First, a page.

Chapter 2 Pilgrimage as Religiously Educative

In: Pilgrimage as Transformative Process
Author:
Alexandria M. Egler
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Abstract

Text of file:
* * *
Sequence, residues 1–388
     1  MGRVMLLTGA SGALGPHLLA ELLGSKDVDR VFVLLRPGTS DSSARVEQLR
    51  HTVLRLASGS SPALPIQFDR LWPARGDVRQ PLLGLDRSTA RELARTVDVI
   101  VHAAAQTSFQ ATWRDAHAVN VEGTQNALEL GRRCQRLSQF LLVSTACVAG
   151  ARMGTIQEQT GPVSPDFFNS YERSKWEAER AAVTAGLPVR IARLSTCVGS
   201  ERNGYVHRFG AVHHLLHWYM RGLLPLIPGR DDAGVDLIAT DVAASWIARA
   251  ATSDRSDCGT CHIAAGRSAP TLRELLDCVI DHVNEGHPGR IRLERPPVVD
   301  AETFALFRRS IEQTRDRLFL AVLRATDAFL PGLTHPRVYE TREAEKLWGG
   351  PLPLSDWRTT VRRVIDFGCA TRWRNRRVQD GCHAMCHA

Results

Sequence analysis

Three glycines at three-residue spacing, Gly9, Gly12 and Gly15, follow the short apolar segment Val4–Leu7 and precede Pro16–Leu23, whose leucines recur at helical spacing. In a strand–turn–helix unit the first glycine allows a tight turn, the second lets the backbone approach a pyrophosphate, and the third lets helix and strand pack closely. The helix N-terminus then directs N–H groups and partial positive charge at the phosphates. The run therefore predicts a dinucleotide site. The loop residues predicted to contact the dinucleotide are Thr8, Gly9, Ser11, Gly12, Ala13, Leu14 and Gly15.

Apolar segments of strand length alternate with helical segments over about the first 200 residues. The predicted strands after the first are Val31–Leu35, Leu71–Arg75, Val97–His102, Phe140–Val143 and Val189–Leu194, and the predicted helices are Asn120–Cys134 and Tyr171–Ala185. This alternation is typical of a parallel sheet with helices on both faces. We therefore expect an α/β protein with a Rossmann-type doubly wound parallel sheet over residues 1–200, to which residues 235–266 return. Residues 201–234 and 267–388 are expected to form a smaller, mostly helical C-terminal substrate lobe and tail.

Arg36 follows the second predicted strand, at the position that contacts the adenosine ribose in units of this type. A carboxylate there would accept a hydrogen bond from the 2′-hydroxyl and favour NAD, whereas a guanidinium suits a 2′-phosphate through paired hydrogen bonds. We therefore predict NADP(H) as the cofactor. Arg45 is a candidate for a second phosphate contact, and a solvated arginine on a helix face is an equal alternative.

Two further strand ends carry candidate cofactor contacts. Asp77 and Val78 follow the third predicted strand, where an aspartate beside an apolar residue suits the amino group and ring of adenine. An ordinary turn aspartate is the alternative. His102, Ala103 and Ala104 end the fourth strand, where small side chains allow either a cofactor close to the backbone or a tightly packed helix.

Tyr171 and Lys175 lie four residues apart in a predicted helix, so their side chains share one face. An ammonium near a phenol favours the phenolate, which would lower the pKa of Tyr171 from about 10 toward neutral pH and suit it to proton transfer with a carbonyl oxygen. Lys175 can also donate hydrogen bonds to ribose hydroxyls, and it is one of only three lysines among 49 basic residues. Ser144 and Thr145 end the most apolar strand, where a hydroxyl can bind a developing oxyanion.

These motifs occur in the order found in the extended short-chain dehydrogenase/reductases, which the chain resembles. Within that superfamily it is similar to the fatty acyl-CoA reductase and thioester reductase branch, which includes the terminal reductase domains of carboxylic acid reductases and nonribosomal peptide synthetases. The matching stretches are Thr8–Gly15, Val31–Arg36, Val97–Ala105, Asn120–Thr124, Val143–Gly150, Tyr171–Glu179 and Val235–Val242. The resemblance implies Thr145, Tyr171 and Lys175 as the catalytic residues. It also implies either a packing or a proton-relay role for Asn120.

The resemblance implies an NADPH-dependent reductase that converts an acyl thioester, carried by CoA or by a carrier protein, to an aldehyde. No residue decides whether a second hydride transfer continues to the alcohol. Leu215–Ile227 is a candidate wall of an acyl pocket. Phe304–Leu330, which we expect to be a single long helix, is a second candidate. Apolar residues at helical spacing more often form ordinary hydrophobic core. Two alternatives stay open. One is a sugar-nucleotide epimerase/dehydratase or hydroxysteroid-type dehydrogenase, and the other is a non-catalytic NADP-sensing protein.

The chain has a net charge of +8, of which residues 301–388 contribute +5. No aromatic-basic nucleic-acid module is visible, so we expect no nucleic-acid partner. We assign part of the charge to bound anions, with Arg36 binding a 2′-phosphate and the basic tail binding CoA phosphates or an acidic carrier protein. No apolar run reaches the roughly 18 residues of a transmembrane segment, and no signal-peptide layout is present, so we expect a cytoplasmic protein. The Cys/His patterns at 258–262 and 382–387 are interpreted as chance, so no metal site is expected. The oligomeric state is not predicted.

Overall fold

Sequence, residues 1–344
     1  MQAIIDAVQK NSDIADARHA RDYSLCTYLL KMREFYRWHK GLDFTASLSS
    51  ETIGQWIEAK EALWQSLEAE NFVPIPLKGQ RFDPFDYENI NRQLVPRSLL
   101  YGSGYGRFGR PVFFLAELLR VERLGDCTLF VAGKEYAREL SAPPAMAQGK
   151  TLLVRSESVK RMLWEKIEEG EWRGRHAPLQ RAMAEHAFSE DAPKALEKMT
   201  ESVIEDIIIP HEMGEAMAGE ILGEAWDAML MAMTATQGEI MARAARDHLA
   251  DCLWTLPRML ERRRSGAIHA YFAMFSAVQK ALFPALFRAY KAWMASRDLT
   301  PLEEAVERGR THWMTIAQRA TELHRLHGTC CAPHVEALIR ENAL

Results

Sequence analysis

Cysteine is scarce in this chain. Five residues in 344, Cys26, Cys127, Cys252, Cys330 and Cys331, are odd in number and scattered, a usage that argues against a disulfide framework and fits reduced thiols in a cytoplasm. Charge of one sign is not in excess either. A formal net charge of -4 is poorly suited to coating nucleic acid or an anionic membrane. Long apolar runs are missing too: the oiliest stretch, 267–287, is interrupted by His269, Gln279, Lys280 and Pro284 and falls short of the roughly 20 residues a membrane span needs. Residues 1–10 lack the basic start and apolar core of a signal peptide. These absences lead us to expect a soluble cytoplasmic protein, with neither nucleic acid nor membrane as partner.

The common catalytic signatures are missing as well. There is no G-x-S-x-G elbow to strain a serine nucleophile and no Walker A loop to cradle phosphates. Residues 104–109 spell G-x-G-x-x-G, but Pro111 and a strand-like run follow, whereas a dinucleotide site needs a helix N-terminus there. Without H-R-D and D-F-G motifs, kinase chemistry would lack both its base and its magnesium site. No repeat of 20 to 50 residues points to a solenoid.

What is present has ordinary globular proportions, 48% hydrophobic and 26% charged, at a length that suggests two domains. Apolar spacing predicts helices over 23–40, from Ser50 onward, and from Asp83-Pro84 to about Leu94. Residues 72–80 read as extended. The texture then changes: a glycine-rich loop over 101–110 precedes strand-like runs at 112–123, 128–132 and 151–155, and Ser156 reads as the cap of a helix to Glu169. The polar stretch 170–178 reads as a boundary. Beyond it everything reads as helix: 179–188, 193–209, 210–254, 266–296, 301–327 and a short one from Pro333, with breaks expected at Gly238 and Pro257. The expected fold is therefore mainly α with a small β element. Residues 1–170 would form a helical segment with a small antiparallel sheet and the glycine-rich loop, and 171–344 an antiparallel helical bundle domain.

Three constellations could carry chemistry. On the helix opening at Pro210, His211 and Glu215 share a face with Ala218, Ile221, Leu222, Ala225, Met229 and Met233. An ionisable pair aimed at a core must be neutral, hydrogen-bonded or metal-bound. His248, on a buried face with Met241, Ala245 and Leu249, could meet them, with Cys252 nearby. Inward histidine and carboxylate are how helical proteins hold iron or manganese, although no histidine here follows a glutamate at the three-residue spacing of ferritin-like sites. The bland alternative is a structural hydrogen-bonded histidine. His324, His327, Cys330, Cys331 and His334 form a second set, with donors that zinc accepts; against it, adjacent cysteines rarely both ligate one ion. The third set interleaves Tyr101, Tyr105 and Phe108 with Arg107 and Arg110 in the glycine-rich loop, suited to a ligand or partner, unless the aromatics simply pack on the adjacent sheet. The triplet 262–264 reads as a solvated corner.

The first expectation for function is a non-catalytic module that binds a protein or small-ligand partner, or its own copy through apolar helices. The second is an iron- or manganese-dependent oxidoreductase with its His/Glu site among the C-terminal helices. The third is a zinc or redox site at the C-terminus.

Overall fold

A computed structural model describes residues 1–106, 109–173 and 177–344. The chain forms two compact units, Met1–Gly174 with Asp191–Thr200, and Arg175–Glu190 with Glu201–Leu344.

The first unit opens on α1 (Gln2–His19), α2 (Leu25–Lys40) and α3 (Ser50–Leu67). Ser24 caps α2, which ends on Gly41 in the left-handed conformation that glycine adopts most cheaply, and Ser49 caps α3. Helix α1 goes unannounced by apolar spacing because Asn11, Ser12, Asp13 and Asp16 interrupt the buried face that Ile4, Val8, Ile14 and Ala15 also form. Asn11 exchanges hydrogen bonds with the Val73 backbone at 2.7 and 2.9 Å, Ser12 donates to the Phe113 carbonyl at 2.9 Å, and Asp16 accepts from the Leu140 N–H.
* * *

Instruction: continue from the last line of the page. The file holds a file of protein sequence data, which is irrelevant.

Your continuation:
The pilgrim’s journey is often one of spiritual renewal or transformation, a movement towards a desire for clarity regarding the meaning and purpose of one’s life. The nurturing of the physical, intellectual and spiritual, the act of teaching and learning how to live and die, has the possibility for profound religious and educational transformation. On pilgrimage, there is the potential to envision a new understanding of purpose, identity and community, moving towards shared wisdom and perspective that can be life altering and affirming. With awareness, a pilgrim is able to reimagine life beyond an understanding of what has been taught and learned towards a sacred wisdom of being in the world. For Gabriel Moran, teaching and learning are lifelong and life wide activities for humans that engage in showing others how to live and how to die. Education is more than the exchange between teacher and student in the classroom. Moran, along with Maria Harris contends that religious education is teaching and learning that takes place in and beyond the classroom. Harris and Moran advocate an integrated approach to religious education that recognizes the forms of life: school, family, work and leisure as deep and profound contributions to the educational process. The development of the human person takes place in relation to the interplay and integration of these forms. Pilgrimage is a rich opportunity to teach and learn all of these as the seeker lives and learns how to be in community and relationship with others, the environment and the divine, operating beyond traditional religious beliefs and intentions. This chapter proposes that pilgrimage can be a religiously educative journey embracing and valuing the relationships of the head, heart and ‘sole’. By identifying pilgrimage as educationally transformative, one becomes more profoundly religious.

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